Parkland students join Chicagoans to march against gun violence

"We just want peace. With this type of movement, with this amount of people we can definitely get something done."

Image Credit: Aaron Cynic

Hundreds took to the streets on the South Side of Chicago to call for an end to gun violence both in the city and across the nation at an annual Peace March hosted by St. Sabina’s church. Community members and activists were joined by student survivors of the mass shooting at Marjory Stoneman Douglas High School in Parkland, Florida, along with musicians Chance the Rapper and Jennifer Hudson, and former U.S. Rep. Gabrielle Giffords.

“Something is happening across this country,” the Rev. Michael Pfleger, Pastor of St. Sabina told the crowd at a rally before the march. “Young people are rising up, from the north to the south, to the east, to the west. They are taking action…Either support our young people or get out of the way.”

Attendees chalked messages of peace on the street between the church and the large stage erected in the parking lot before the two-hour rally began, and many crowded around a mural that was painted on-site by Tio Manny, the father of a Parkland shooting victim, which read “we demand to graduate,” which many people added their own personal messages. The “Chicago Metro Gun Share” installation, which resembles a Divvy bike share station but contains mock AR-15 assault rifles in the place of bicycles was also moved to the area from the Chicago Loop.

The rally featured a bevy of speakers who shared personal stories of how gun violence has affected them and their communities, as well as calls to engage elected officials, and demands for more resources in economically disadvantaged areas.

“We are survivors. Survivors of a war that’s lasted for way too long,” said Alex King,” a recent graduate of North Lawndale College Prep in Chicago and member of the school’s ‘Peace Warrior’ program, as well as a member of Good Kids Mad City. “The war on violence. Whether it’s physical violence or emotional violence…and with war survivors comes a lot of trauma. The loss of loved ones or the constant fear of losing your own life day in and day out.”

King and others on stage also spoke to the lack of resources and economic disparity between communities of color and other areas of the city, a huge contributing factor in gun violence. In the past five years, Chicago presided over the largest closing of public schools in the nation, and closed half of its public mental health clinics. “The resources in which we need are more mental health and trauma centers in our communities for those who have been traumatized,” said King.

“The people of Chicago demand investment in public education that empowers individuals in our communities,” said another speaker. “People know what we want, but the people in office simply don’t care to listen to us. It’s hard to call this a true democracy when politicians are more concerned with chasing money over students.”

Earlier in the week, some of the Parkland students joined activists with Good Kids Mad City and No Cop Academy movement – two local groups that have been working to end gun violence in the community by trying to shift the focus away from increased policing in favor of increased resources to the community, as well as opposing a new $95 million police academy.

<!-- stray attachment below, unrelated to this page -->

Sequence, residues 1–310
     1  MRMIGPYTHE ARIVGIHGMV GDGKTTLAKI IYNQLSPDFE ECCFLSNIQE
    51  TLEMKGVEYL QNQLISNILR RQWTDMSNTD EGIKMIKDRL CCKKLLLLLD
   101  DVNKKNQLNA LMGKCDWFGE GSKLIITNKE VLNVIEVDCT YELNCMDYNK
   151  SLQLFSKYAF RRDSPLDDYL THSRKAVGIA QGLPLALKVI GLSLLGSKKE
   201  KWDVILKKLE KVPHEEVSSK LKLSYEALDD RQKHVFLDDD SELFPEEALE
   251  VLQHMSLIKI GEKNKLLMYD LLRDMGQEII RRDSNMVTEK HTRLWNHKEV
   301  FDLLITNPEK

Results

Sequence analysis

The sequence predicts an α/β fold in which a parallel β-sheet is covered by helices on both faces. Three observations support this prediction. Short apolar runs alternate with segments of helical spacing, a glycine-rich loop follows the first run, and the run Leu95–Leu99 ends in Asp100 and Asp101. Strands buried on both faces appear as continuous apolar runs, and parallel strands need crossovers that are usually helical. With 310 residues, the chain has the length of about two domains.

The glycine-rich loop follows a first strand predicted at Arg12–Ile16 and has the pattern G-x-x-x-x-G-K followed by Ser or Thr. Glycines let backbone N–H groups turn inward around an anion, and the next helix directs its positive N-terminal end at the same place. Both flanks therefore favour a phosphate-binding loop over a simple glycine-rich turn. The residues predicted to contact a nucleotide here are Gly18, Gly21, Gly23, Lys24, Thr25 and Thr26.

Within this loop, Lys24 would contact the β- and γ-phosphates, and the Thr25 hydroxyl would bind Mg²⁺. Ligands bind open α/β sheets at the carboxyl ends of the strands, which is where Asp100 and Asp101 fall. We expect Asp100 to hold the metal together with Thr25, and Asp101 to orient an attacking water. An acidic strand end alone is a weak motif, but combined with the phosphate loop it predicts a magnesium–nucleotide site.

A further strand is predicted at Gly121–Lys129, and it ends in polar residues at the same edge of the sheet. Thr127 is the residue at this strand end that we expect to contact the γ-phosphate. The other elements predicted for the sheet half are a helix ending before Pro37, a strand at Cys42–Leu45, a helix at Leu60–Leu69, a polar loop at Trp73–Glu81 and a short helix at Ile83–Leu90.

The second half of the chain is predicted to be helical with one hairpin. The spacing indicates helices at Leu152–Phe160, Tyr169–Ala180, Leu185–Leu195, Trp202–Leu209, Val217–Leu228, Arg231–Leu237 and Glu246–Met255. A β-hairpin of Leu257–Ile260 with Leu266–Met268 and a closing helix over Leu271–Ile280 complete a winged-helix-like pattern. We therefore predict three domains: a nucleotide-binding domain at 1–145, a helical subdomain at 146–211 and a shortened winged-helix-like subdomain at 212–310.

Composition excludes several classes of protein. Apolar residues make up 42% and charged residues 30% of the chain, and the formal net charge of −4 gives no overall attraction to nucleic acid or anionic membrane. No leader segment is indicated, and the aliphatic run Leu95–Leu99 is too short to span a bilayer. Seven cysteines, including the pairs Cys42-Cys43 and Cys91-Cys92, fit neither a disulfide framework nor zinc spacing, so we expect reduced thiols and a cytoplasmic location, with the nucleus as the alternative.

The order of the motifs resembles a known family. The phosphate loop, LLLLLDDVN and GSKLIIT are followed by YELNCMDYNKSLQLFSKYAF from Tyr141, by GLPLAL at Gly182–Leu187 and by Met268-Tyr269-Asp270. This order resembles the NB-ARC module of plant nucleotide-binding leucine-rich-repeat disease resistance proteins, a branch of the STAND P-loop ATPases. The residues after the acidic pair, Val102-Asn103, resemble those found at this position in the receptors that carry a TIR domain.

Black students get suspended at a rate three times higher than white students,” said Alex Wind, a Parkland student, at a Monday press conference held by the family of Maurice Granton Jr, who was shot and killed by Chicago Police. “That is an issue. That is a problem that needs to be fixed and a $95 million police academy is not going to fix that issue. It is only going to make worse.”

Former Congresswoman Gabrielle Giffords, who survived a mass shooting in Tucson, Arizona in 2011, made a short speech urging the crowd to vote. “These are scary times,” the former said Giffords. “It’s time for us to stand up for what’s right…Vote, vote, vote, let the youth lead.”

While the Peace March takes place each year in the city’s Auburn Gresham neighborhood to coincide with the final week of classes for Chicago Public Schools students, it also served as the first stop on the “Road to Change” bus tour,” organized by the Parkland students, which will make 50 stops in more than 20 states. The tour is meant as both a way to call attention to gun violence and potential solutions to it, as well as register young people to vote.

“We’re going to places where the NRA has bought and paid for politicians who refuse to take simple steps to save our lives — and we’ll be visiting a number of communities that have been affected by gun violence to meet fellow survivors and use our voices to amplify theirs,” say organizers on their website.

Kyra Simon of the Parkland students brought a message of unity to the crowd.  “Our voices your voices united are stronger than anything else,” said Simon. “Us together, we’re going to make the movement what it needs to be – united. All of your voices, no matter where you come from, your community, your economic background, matter. Your voices are strong and in this movement every single voice, no matter where it comes from, matters.”

The rally concluded with performances by singer Jennifer Hudson and a speech from Chance the Rapper, who then helped lead the march through the neighborhood. “We just want peace,” said Chance. “With this type of movement, with this amount of people we can definitely get something done. Y’all are definitely on the right side of history, especially exactly where you’re supposed to be tonight. It’s so important for us to link up and talk about what’s going on here.”


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